Photo Gallery: Black Lives Matter Protests in Texas

Supporters gather to hear speakers at Houston City Hall following a march to honor the memory of George Floyd in downtown Houston on June 2, 2020.

After George Floyd died at the hands of police in Minneapolis on May 25, protests condemning police brutality and racial inequality have reverberated across the nation. “This George Floyd moment is different,” the San Antonio Express-News editorial board recently wrote. “Never has the death of one person stirred the conscience of this nation and mobilized so many into daily, nonviolent, multiracial and multigenerational protests.”

In Texas, demonstrations and vigils took place all over the state—from major cities like Dallas, Austin, and San Antonio to smaller ones including Marfa, Lubbock, and Odessa. We’ve seen a historic civil rights rally in Vidor, which we once described as Texas’s “most hate-filled town”; protesters on horseback in Houston; and a big shift in how local demonstrations are being approached by police. Every day, Texans continue to march for Floyd—as well as Breonna Taylor, Mike Ramos, Ahmaud Arbery, and others.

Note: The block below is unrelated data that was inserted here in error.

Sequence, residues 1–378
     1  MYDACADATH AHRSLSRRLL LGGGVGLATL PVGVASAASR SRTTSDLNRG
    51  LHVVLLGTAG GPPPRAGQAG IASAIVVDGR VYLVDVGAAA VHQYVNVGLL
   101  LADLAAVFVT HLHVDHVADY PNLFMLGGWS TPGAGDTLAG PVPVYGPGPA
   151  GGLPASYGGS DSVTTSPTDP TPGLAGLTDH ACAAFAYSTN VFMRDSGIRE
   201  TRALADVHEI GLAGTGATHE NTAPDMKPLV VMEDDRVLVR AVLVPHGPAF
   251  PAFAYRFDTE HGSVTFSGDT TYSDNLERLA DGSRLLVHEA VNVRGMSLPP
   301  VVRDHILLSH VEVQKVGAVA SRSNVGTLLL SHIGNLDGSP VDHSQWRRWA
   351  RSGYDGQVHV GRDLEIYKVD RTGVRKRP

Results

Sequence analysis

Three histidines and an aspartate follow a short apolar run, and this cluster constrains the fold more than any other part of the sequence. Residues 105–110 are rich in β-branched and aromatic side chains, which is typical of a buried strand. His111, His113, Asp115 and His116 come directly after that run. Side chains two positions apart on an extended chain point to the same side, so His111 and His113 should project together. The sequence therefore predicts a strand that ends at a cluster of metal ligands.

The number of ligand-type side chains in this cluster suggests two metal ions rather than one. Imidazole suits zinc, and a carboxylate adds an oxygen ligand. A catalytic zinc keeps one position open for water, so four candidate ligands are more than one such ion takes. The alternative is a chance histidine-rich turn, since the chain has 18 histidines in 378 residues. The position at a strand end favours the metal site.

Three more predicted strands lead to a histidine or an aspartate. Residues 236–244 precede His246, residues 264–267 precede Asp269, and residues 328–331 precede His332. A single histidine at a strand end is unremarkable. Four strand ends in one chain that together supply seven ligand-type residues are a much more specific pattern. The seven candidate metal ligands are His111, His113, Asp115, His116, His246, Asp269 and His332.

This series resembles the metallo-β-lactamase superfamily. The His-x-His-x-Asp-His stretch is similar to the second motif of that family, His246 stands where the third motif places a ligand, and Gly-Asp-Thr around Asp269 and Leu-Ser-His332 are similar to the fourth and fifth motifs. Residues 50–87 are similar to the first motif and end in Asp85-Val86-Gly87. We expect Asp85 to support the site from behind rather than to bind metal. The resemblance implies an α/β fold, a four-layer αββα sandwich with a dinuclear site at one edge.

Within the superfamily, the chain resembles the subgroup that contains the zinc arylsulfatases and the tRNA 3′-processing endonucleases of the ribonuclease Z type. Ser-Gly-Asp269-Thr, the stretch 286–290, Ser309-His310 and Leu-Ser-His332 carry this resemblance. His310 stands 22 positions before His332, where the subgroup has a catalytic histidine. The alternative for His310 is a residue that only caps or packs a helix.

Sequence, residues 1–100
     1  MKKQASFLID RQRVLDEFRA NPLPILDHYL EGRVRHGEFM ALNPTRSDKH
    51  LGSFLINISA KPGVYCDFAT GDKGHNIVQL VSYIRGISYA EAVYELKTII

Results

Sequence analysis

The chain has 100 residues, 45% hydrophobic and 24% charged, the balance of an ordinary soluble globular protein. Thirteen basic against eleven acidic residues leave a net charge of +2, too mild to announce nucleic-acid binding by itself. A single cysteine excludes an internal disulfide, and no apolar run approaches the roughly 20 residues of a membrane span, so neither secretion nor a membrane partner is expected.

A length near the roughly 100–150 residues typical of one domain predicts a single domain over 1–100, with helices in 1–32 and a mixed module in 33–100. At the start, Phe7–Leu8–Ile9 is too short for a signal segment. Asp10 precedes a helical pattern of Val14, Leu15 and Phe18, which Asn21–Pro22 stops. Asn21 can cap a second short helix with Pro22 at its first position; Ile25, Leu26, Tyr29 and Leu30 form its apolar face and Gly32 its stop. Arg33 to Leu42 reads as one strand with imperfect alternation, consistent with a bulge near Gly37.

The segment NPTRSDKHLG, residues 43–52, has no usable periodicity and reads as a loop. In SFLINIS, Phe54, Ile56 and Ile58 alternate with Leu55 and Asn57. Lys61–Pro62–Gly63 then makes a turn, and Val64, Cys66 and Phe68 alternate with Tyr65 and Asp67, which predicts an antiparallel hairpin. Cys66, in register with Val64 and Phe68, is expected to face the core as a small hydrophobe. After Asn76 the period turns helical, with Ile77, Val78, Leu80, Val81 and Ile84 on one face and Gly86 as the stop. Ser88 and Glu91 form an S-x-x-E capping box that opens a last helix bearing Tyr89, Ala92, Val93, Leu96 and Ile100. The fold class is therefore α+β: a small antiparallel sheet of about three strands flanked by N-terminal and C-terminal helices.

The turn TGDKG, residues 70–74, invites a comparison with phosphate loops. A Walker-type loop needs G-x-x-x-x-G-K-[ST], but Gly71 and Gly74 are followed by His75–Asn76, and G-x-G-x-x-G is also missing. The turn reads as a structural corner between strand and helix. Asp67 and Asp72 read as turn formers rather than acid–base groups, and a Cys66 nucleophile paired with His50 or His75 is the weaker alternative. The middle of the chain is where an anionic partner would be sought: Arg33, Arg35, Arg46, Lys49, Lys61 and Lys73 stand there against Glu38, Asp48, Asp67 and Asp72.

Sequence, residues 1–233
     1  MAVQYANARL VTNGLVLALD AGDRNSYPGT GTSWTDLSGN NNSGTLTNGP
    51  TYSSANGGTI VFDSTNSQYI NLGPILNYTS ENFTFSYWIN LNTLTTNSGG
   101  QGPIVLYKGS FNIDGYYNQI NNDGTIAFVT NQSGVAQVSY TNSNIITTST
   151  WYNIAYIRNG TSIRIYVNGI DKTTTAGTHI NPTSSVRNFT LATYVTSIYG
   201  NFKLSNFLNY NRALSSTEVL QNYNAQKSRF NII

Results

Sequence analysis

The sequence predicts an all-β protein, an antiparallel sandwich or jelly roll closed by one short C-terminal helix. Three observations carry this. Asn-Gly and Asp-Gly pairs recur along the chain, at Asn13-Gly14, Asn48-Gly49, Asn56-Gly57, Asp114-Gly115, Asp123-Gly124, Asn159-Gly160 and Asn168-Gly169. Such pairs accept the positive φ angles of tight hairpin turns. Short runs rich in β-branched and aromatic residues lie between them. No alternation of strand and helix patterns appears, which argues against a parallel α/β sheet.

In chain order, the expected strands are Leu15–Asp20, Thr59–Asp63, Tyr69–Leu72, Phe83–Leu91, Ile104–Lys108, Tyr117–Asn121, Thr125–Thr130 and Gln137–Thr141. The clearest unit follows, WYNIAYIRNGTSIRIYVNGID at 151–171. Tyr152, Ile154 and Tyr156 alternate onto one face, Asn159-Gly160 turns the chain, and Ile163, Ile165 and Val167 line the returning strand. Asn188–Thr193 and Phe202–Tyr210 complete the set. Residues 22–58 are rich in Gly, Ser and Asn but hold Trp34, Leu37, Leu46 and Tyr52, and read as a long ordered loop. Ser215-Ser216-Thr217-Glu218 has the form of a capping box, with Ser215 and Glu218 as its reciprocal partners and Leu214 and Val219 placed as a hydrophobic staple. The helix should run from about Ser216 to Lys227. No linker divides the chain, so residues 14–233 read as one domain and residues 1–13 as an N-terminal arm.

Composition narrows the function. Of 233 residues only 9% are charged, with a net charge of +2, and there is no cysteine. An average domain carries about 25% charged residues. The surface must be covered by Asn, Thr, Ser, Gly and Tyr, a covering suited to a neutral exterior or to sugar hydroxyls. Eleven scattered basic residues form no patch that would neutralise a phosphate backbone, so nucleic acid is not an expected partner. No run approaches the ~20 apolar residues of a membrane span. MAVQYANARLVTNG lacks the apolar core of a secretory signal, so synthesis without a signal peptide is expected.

To capture this pivotal moment in history, we compiled compelling images from across the state.

Tags: Criminal Justice, George Floyd


  • cindy lee

    I wish the rest of Texas would remember the Panhandle exists. Amarillo had marchers, too.

  • PeterTx52

    one photo of a fire when in fact there was lots of looting and rioting. this is why many people dont trust the media to honestly report events

    • Susan Rayburn

      Jesus Christ. There are many other media outlets. Go read some and shut the Hell up.

    • rocks911

      Typical Texan

  • In 2019 there were 9 unarmed black men killed by cops,19 white ones,out of over 10 million arrests.Meanwhile,over 8000 black men were killed by other black men.I guess those black lives didn’t matter.

    • rocks911


  • rocks911

    I worked for 3 decades in a Dallas suburb Fire Department. It is the most bigoted and racist place I have ever been.
    We will know that municipalities are serious about reform when we start to hear from administrators why they hire and retain racists. The problem is racist management.